South Florida Hospital News
Sunday May 24, 2020

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July 2017 - Volume 14 - Issue 1




Image-Guided Therapy Transforms Cardiovascular Care

The expanding field of image-guided therapy exists in high-tech healthcare environments where science, art and imagination have intersected to save and improve the lives of patients.

Teams of specialists, including interventional radiologists, vascular surgeons, interventional cardiologists, electrophysiologists, cardiac surgeons and interventional neuroradiologists, continue to transform cardiovascular care by pioneering complex procedures using minimally invasive, image-guided techniques.
It’s not just about heart attacks and stroke, but cancer lesions and benign tumors and aneurysms — any condition that can be diagnosed or treated by accessing blood vessels like a highway, rather than cutting open the body.
The recently completed, $120 million expansion of Miami Cardiac & Vascular Institute serves as a showcase for these medical and technological advances. To design and equip new interventional suites at the Institute, brainstorming sessions with a team of multidisciplinary cardiovascular specialists, administrators and architects were held to envision an optimal facility for the future.
The goal was to create an environment that exploits the similarities that exist among cardiovascular specialties, from the treatment of acute stroke and acute myocardial infarction, to treatment for a cold leg or ruptured vessel. This consolidation of specialty treatment within a single physical plant benefits both patients and physicians.
In the Institute’s Center for Advanced Endovascular Therapies, which houses new interventional suites, technology and specialized lighting were placed thoughtfully and precisely to enable physicians from different disciplines to work together on an unprecedented range of procedures. The concept marries an interventional approach with a full surgical capacity, integrating the diversity of image-guided procedures that can be accomplished.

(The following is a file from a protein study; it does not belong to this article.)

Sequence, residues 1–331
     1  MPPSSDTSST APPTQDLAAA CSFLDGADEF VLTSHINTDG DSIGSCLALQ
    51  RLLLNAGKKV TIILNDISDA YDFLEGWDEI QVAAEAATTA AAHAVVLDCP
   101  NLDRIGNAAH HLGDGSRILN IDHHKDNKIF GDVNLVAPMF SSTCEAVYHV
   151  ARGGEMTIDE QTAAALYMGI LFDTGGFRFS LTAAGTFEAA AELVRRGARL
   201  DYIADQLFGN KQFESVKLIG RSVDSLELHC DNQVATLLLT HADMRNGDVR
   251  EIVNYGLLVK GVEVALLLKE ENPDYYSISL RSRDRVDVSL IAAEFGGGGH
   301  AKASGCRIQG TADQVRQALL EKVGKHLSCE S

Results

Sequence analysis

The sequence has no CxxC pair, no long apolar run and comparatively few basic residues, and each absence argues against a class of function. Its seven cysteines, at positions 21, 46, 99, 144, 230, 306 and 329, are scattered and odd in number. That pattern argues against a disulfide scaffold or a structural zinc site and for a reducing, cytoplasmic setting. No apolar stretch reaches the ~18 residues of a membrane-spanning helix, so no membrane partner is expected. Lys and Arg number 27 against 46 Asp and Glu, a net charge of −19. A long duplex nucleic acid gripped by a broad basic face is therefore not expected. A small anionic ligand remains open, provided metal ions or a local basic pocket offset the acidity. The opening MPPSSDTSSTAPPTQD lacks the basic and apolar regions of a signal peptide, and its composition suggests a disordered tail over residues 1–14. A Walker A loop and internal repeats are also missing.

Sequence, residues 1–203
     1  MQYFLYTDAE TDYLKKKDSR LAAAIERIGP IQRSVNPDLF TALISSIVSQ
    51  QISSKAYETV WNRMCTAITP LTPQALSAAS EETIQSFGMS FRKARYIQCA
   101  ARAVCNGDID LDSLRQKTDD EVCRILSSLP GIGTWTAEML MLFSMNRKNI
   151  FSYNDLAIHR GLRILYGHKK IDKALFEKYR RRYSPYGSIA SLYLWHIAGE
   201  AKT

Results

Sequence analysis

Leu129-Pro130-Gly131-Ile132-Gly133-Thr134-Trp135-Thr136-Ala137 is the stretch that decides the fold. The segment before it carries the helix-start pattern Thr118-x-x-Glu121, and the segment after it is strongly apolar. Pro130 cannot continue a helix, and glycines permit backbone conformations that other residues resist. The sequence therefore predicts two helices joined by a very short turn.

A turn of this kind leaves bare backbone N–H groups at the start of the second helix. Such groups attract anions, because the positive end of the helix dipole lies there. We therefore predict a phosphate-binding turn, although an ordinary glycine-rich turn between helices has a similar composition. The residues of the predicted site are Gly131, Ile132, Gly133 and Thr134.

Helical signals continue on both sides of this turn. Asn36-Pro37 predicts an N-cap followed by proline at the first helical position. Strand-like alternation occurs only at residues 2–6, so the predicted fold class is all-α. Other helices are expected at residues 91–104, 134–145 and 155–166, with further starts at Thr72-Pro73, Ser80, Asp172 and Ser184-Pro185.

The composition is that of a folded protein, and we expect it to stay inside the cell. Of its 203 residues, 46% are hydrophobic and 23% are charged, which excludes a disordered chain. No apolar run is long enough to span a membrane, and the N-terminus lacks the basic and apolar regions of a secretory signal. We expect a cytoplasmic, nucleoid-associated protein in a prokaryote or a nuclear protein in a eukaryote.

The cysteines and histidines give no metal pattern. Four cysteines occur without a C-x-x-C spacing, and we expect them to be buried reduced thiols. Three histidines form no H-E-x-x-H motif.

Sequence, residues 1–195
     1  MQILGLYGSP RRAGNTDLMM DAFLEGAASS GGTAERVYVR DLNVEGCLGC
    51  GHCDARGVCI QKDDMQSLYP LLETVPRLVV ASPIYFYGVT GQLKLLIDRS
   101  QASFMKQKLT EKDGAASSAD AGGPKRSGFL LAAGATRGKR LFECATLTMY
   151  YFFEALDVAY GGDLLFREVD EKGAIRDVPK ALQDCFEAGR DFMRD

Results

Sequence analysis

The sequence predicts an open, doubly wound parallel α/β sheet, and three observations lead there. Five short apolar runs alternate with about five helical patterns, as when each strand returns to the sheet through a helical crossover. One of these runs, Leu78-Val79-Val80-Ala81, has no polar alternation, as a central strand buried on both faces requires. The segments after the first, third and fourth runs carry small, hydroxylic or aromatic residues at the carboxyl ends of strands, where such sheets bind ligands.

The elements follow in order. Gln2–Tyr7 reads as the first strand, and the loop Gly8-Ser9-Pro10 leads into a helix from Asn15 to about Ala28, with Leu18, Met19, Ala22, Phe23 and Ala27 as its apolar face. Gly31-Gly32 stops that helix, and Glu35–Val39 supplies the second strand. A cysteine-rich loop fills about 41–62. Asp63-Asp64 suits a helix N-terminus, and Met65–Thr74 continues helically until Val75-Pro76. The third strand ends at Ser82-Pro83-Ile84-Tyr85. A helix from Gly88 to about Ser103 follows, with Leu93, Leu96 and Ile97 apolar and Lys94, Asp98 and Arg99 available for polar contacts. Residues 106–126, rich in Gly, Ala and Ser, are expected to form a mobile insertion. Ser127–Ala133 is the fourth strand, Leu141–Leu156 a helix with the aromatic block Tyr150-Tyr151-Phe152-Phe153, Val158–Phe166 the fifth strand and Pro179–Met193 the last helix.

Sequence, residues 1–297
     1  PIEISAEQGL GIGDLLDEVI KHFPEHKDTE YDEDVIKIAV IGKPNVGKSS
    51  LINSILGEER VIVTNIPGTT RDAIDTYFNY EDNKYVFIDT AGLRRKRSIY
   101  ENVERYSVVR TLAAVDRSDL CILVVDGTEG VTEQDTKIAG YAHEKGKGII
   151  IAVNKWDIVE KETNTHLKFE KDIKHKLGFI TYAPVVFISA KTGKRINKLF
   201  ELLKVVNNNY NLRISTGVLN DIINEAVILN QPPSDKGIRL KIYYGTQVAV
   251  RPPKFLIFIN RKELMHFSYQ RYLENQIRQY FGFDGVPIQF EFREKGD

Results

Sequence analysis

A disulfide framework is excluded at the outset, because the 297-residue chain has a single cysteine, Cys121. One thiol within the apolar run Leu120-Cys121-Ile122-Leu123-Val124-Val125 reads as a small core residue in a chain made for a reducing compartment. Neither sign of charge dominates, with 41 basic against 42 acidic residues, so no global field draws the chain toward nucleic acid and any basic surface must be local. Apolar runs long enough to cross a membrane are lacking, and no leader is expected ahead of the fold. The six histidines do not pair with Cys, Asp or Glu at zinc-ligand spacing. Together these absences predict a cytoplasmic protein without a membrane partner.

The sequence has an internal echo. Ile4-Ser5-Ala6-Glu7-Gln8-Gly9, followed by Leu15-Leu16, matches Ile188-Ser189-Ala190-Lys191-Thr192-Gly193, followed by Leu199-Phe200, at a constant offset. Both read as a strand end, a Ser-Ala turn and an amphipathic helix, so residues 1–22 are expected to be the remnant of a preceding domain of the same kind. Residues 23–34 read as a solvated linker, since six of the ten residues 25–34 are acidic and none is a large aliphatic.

The suites are set up for such procedures as a transcatheter aortic valve replacement (TAVR) or hybrid coronary artery bypass grafts (CABG), as well as the treatment of all types of aortic aneurysms with less-invasive therapies. A surgical procedure like femoral endarterectomy may be combined with a superficial femoral artery (SFA) angioplasty and stenting. Together, a team of neurointerventionists and neurosurgeons can collaborate to treat a complex stroke or ruptured brain aneurysm, preparing to take any approach necessary to give the patient the best chance of survival and recovery.
The interventional suites at the Institute are ready to facilitate procedures that don’t even exist yet, but can be imagined. In addition, the suites create a better environment for patients by providing more comfort and reducing the invasiveness.
Peer review and transparency are important elements at any clinical and research facility. Two of the Institute’s suites have glass walls through which medical educators and students in theater-style gallery seating can watch the action, using interactive controls that support on-site learning and real-time, worldwide webcasting.
Technology has made possible advances in the field. The interventional suites are equipped with a new image-guided platform, which represents the manufacturer’s global launch. Called Azurion, the system offers quality images at ultra-low X-ray doses and real-time image processing on multiple work spots within the interventional lab. In addition, procedure cards allow clinicians to pre-program routine tasks and user preferences to make procedures quicker and more efficient, which ultimately benefits the patient.
As part of the Institute expansion, a 36-bed, pre- and post-care unit was added to create a more comfortable and seamless experience for the many outpatients undergoing interventional procedures. The interventional suites, which can be intimidating to patients, also were designed to soften and improve the feel of the high-tech environment. A conscious patient brought into the room for a procedure is greeted with music and pleasant video scenery on the monitors.
Even more important for the patient, the future of image-guided therapy will focus on continuing to seek less-invasive procedures. The trajectory of advanced technology used by innovative physicians and staff suggests more breakthroughs are on the horizon.           

Dr. Barry T. Katzen is Founder and Chief Medical Executive at Miami Cardiac & Vascular Institute. For more information, call (786) 596-2700, email or visit

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